This is how Thomas Talbot works his premises and so he combines a Calvinistic premise (the affirmation that God prescripts everything) with a compatibilist premise/ view of free will (which you have to choose to hold if all is prescripted :-)), and a biblical premise that God desire to save all people (as stated by the bible) and ends up with his universalism. If it is all up to God and human wills really make no difference as they are already completely controlled by God anyway (that’s “compatibilism” where everyone’s actions are totally controlled and prescripted by God and yet they are simultaneously all acting freely! :-), then Talbot’s universalism is a very logical conclusion.

            Robert

            • http://theisticnotebook.wordpress.com David Parker

              Your comment was too long to read in one sitting. Basically it looks like you’ve read Craig’s debate with Talbott (or just Talbott elsewhere). Congrats. But his argument is inapplicable here, since the definition of “feasible world” I gave is different.

            • http://theisticnotebook.wordpress.com David Parker

              “So where is the problem?”

              The problem is that Calvinism holds that a possible world with all saved is not feasible (in my sense of the word: “desirable to a perfect creator”…for various reasons which you seem to already recognize.

              Let’s say you define a feasible world as one with a maximal set of compossible goods. Ok…then the Calvinist obviously has reasons to think that a universalist world is not in that set.

  • http://analytictheologye4c5.wordpress.com/ PM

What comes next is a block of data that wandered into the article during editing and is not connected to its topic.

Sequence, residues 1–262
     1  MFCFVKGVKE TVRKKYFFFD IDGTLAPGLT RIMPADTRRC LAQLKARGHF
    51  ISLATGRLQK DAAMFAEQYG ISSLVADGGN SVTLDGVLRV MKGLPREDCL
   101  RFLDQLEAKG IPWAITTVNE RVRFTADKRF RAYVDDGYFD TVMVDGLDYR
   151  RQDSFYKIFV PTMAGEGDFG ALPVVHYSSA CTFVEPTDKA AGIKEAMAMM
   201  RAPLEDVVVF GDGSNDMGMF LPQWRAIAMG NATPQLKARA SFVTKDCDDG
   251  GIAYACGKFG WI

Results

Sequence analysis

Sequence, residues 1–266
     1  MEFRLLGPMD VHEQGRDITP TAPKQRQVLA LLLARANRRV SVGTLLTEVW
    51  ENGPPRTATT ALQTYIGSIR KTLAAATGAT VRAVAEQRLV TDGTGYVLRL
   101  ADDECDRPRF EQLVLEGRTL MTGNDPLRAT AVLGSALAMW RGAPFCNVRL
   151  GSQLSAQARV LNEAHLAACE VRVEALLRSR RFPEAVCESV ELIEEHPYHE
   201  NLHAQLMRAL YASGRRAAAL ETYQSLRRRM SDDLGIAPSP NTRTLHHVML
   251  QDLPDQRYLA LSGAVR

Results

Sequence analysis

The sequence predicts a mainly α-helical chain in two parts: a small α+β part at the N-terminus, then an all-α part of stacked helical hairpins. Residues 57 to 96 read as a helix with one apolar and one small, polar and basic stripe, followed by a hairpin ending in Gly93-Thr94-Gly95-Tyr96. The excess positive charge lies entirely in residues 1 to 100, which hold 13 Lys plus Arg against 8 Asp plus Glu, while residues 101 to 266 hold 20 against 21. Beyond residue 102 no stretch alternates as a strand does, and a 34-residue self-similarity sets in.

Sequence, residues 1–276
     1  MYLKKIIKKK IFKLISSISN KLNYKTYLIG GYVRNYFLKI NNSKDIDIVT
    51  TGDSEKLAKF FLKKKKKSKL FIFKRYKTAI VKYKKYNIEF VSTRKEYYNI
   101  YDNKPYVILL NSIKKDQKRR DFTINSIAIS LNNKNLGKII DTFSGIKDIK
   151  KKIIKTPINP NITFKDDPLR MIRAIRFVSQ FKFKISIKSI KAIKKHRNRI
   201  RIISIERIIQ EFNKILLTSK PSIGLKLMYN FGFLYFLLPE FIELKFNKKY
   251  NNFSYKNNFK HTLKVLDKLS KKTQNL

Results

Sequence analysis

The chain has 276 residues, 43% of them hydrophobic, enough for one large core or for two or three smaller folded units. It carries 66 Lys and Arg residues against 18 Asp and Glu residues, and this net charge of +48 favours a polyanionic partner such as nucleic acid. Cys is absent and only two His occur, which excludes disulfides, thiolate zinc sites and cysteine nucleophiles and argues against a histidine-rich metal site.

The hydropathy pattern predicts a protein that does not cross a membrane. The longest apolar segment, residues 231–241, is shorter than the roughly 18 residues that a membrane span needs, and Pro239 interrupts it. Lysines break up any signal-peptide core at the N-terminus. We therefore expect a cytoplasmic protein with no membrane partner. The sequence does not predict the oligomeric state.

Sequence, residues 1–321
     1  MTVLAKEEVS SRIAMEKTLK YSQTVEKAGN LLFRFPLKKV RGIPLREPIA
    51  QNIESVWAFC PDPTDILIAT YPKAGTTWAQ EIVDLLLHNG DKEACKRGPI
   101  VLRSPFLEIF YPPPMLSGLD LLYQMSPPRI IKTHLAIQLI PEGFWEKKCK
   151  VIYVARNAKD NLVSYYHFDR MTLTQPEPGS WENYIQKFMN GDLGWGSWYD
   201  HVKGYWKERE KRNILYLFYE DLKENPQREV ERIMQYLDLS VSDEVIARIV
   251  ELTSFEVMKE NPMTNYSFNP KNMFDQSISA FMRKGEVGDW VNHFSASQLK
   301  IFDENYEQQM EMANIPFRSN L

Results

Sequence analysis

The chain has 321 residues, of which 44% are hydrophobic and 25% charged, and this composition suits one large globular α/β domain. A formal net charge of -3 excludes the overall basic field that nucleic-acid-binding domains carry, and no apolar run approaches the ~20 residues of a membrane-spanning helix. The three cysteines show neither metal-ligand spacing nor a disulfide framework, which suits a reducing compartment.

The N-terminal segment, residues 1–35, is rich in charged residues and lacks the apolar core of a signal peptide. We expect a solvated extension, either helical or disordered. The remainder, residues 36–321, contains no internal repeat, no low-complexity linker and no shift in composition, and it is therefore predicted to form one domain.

Dr. Rauser, I was under the impression that I had undercut your “arbitrariness defeater,” :-) e.g.,

    http://randalrauser.com/2011/02/why-god-might-save-a-chinese-over-a-german/

    • randal

      PM, you wrote:

      “So assume a rich, kind suitor stands in front of a thousand self-employed whores skilled in the art of stealing, scamming, and manipulation. Moreover, they have all scammed and harmed the suitor. Spit on his servants, and cursed his good name. None of them deserves to be pulled from out of the rest, dressed in white, and turned into a virtuous virgin. In fact, they all deserve to be punished according to the law. The suitor chooses one of them, in love, but she has done nothing to merit this choice. He did not base it on foreseeing that she secretly loved him first and would love him in return. He didn’t base it on the color of her skin, or the sound of her voice. But he loved her, and he had very deep, meaningful, complex reasons involving a multitude of greater goods in mind for choosing her out of the rest.”